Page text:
Featured Articles

5th Generation Broadwell 14nm family comes in three lines

5th Generation Broadwell 14nm family comes in three lines

Intel's 5th Core processor family, codenamed Broadwell, will launch in three lines for the mobile segment. We are talking about upcoming…

More...
Broadwell Chromebooks coming in late Q1 2015

Broadwell Chromebooks coming in late Q1 2015

Google's Chromebook OS should be updating automatically every six weeks, but Intel doesn't come close with its hardware refresh schedule.

More...
New round of Nexus phone rumour kicks off

New round of Nexus phone rumour kicks off

Rumours involving upcoming Nexus devices are nothing uncommon, but this year there is a fair bit of confusion, especially on the…

More...
Nvidia officially launches the 8-inch Shield Tablet

Nvidia officially launches the 8-inch Shield Tablet

As expected and reported earlier, Nvidia has now officially announced its newest Shield device, the new 8-inch Shield Tablet. While the…

More...
Aerocool Dead Silence reviewed

Aerocool Dead Silence reviewed

Aerocool is well known for its gamer cases with aggressive styling. However, the Dead Silence chassis offers consumers a new choice,…

More...
Frontpage Slideshow | Copyright © 2006-2010 orks, a business unit of Nuevvo Webware Ltd.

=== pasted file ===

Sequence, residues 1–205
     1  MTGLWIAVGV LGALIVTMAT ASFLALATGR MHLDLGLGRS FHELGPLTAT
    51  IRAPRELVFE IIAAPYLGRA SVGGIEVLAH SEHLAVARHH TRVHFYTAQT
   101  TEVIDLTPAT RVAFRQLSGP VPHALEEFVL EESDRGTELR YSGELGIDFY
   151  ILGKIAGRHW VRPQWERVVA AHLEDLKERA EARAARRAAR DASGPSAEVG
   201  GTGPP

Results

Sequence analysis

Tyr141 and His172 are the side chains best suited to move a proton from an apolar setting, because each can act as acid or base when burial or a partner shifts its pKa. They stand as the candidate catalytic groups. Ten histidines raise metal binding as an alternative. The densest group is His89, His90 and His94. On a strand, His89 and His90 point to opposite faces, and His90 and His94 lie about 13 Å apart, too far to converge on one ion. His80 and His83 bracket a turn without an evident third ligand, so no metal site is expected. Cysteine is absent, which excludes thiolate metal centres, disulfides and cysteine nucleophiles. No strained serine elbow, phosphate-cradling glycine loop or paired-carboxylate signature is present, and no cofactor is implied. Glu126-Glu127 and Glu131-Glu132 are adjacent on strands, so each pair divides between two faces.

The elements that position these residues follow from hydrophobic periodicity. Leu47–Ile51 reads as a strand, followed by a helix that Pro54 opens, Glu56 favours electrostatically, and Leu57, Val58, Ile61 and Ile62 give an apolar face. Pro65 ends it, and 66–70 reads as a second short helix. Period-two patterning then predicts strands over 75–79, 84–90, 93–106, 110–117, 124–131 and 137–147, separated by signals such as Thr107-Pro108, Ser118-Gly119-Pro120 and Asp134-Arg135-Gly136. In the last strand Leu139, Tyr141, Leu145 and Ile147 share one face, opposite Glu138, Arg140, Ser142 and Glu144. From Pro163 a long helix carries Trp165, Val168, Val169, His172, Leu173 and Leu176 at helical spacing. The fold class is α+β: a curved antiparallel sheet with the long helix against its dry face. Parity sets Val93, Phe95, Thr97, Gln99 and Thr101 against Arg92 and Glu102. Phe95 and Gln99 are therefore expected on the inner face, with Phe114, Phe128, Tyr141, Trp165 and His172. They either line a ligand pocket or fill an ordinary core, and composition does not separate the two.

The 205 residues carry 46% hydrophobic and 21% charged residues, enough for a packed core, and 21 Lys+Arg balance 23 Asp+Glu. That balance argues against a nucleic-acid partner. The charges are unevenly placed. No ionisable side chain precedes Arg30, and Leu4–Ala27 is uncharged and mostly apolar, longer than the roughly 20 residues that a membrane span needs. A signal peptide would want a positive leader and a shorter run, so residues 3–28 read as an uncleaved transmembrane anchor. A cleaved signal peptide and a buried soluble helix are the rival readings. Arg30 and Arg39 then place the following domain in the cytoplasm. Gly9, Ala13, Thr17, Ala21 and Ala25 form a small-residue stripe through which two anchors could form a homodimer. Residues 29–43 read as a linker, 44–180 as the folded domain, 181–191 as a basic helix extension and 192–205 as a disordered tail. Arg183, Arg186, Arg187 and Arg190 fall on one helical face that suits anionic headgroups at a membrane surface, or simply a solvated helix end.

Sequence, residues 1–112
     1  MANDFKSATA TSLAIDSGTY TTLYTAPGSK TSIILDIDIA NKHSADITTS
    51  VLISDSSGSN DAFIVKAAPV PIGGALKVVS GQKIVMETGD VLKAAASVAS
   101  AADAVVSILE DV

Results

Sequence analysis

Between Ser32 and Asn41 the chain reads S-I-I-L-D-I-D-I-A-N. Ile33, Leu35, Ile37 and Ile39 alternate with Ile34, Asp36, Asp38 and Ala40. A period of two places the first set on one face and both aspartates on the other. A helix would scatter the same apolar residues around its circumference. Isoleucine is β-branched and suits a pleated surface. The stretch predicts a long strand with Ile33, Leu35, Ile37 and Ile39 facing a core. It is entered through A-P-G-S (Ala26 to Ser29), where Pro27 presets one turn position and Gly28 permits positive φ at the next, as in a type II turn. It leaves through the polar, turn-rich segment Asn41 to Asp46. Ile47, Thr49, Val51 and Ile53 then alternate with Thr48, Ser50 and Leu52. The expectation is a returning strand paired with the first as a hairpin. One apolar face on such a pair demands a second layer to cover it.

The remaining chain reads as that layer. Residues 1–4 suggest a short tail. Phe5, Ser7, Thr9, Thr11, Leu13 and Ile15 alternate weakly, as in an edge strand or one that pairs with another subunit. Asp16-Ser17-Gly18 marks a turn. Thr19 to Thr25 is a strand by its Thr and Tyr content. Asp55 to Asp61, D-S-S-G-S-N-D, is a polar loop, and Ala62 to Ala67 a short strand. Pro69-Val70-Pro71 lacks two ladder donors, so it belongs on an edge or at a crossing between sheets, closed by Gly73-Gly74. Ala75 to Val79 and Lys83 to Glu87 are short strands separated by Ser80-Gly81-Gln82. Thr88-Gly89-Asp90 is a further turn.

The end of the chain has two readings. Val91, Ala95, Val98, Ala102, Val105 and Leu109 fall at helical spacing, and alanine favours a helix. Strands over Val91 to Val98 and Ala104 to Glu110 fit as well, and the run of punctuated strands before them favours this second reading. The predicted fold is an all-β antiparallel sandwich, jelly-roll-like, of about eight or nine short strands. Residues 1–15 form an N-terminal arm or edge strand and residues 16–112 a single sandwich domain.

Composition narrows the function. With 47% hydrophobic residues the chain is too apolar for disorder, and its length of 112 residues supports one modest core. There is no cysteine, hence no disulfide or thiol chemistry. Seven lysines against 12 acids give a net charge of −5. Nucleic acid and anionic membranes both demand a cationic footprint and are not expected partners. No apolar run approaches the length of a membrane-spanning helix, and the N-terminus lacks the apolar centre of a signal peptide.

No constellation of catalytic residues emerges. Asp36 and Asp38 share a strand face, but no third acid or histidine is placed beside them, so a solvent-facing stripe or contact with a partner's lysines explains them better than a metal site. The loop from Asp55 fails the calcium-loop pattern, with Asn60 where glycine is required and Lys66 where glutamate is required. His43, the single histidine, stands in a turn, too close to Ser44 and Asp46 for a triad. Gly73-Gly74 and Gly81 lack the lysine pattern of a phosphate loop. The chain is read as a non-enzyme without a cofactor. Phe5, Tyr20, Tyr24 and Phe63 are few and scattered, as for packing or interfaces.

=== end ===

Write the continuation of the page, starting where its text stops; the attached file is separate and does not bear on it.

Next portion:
Thursday, 06 March 2014 11:49

Intel on track to supply 40 million tablet chips

Written by Nick Farrell



Four times last year

Intel is on track to supply 40 million tablet chips this year, according to chief executive officer Brian Krzanich. Krzanich said company expects to ship 40 million tablet processors in 2014 compared to about 10 million in the prior year.

Intel originally made the bold claim a couple of months ago, but now it says it is on track to hit its target. This is after reporting mixed fourth-quarter financial results, posting higher-than-expected revenue amid “stabilisation” in the PC market. Chipzilla has been also banging on about wearable computers which it expects to be the new big thing.

Of course, Krzanich was saying all this on Fox telly which means that he does not have to explain why he thinks that things are improving or why he believes that wearable computers will be the next big thing. People who watch Fox do so because they have outsourced their thinking to a right wing news organisation.

Many people think Intel has a long way to go before it makes any real inroads into the mobile market. This would be true if it were not for Intel's financial muscle. The company is said to be burning a lot of money in an effort to get more vendors on board, effectively subsidising the cost of Bay Trail-T SoCs. Intel calls it contra-revenue and the chipmaker has already made it clear that "most" of its tablet related projects in 2014 will have some contra-revenue attached to them. 

Krzanich explained what the programme is all about in January and you can check it out here. Intel doesn't exactly like it when the tech press describes its efforts as subsidies, so let's just agree to call them "almost subsidies." Sounds better than contra-revenue.

blog comments powered by Disqus

 

Facebook activity

Latest Commented Articles

Recent Comments